Supported by the energetic sounds of the gamelan, the Barong and Keris dance is an exciting dance to watch. The performance ends when a temple priest removes the trance state of the Barong supporters with prayers and blessed water. Be aware that a small bird might be sacrificed to appease the lingering evil spirits.
During the celebration of the festivals Galungan and Kuningan you will see the Barong going from door to door, cleansing the area from evil influences.
Legong dance is considered Bali’s most graceful dance, combining detailed finger movements, complicated steps and expressive eye movements. The classical dance is only performed by young female dancers often as young as 8 or 9 years old.
The Legong dancers are dressed identically in very tight brocade, and gold coloured accessories from head to toe. It is amazing to see how they still can move with such speed and grace.
The dance tells the story of Rangkesari gets lost in a forest and then found by King Lasem, who is hypnotized by her beauty that he refuses to let her go. Rangkesari’s brother Daha, threats King Lasem to set her free or he will initiate a war. King Lasem refuses to release her, and both men fight in the battlefield, causing the death of King Lasem. The Legong dance describes the farewell of the king as he makes his way to fly with the birds.
This complex dance of a warrior preparing for battle requires great skill and energy and is performed by one male dancer wearing a heavy layered costume and metal headpiece.
It is an intense performance guided by the powerful music from the gamelan, showing the mixed emotions of a warrior and a prayer to the gods for protection.
The sacred Sanghyang dances involve the divine spirit or Sanghyang to enter the dancer’s body temporarily. These dances are therefore known as dances of trance. Their original purpose was to bring balance and good health by driving out evil spirits that came to earth in the form of sickness or death The Dedari and the Jaran are the two most well known Sanghyang dances.
The Sanghyang Dedari involves two young female dancers put in trance at a nearby temple and carried to the place of performance to dance in perfect harmony with their eyes firmly shut. A group of male and female provide the background sound of chanting to which the young girls dance. When the chanting stops, the spell will start to break, and a priest will bring the dancers back by blessing them with prayers and holy water.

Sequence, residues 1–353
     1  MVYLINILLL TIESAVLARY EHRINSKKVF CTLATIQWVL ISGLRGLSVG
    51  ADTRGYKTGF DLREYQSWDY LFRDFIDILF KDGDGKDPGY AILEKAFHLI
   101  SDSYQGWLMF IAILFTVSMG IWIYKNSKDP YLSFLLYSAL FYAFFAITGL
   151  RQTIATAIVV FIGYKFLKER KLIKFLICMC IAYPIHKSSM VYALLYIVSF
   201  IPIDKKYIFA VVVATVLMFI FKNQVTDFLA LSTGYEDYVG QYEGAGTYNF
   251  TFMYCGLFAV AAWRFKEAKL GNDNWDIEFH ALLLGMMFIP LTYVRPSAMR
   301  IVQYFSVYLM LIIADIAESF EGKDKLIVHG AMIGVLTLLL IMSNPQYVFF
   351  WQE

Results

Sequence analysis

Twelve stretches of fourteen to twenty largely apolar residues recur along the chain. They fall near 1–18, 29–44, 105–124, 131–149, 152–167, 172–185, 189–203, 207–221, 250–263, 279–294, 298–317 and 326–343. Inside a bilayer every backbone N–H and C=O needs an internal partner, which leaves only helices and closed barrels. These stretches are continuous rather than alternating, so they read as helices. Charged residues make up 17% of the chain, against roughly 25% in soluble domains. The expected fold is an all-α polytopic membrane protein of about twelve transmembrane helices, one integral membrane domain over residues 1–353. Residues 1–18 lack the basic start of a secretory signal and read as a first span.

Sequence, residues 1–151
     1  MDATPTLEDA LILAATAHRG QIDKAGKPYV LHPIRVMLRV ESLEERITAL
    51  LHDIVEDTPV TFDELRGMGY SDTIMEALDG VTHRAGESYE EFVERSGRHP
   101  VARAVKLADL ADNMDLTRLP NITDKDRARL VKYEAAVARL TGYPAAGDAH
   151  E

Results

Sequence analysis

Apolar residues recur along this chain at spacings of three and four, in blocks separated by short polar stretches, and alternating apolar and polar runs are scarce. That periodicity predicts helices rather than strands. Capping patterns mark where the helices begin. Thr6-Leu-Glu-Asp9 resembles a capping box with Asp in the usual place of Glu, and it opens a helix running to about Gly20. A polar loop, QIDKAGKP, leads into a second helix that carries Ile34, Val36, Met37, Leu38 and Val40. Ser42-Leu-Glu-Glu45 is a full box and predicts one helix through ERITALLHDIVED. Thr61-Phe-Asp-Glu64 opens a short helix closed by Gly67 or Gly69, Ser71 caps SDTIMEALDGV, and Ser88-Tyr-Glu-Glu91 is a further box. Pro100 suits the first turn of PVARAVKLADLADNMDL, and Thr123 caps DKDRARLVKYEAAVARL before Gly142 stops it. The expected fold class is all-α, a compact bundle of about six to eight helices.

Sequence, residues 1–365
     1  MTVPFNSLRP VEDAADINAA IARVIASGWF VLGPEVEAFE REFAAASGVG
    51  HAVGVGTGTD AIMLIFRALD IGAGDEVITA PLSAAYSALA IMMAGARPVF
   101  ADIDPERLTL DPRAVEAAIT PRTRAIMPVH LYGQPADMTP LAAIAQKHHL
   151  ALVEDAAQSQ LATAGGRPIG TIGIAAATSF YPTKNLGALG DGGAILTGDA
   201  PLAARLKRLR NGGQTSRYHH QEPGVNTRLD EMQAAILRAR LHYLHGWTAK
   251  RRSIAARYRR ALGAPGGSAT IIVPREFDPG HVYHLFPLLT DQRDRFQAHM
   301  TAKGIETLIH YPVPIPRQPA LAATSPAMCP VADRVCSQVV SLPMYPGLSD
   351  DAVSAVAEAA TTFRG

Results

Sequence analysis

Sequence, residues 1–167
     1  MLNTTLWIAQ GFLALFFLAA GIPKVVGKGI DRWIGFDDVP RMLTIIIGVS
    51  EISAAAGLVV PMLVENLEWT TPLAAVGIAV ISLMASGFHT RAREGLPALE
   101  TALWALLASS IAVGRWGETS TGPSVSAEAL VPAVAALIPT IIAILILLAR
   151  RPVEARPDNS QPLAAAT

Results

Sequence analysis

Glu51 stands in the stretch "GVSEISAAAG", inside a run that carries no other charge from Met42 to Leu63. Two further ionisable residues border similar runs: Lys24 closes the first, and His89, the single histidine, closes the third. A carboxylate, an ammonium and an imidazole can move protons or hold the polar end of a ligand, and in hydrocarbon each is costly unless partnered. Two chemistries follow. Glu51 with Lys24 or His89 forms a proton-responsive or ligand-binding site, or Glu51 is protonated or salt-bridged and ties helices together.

The Sanghyang Jaran, also known as the Dance of the Spirits or Fire dance, only involves male dancers in a trance, moving through a fire of coconut husks while riding a symbolic horse. At the end of the dance, a priest will come forward to break the trance with prayers.
A story of young lovers is performed by a formation of sitting young girls and boys. The chanting girls will gently sway, which is in great contrast with the wild movements of the loud shouting men. The Janger dance is a dance of celebration and is often performed at wedding or by the end of harvest season.
Topeng or mask dances are dance drama’s where all the dancers imitate the character of the mask they are wearing. The Topeng Bungkulan covers the entire face and is worn at non-speaking performances like Topeng Tua (the old man), Topeng Keras (the stubborn military man) and Topeng Manis (the kind and refined hero). Not all full-face covered masks depicts humans.
The Jauk dance is performed by a dancer wearing the mask of a demon and gloves with long scary nails. The Topeng Sibakan only covers the forehead and nose and is worn in dramas where the performers play comical figures and make jokes using the Balinese language.
The Pendet dance consists of simple dance movements that do not need much training or practice. It is usually performed by women bringing offerings to a temple or ceremony and symbolizes purification.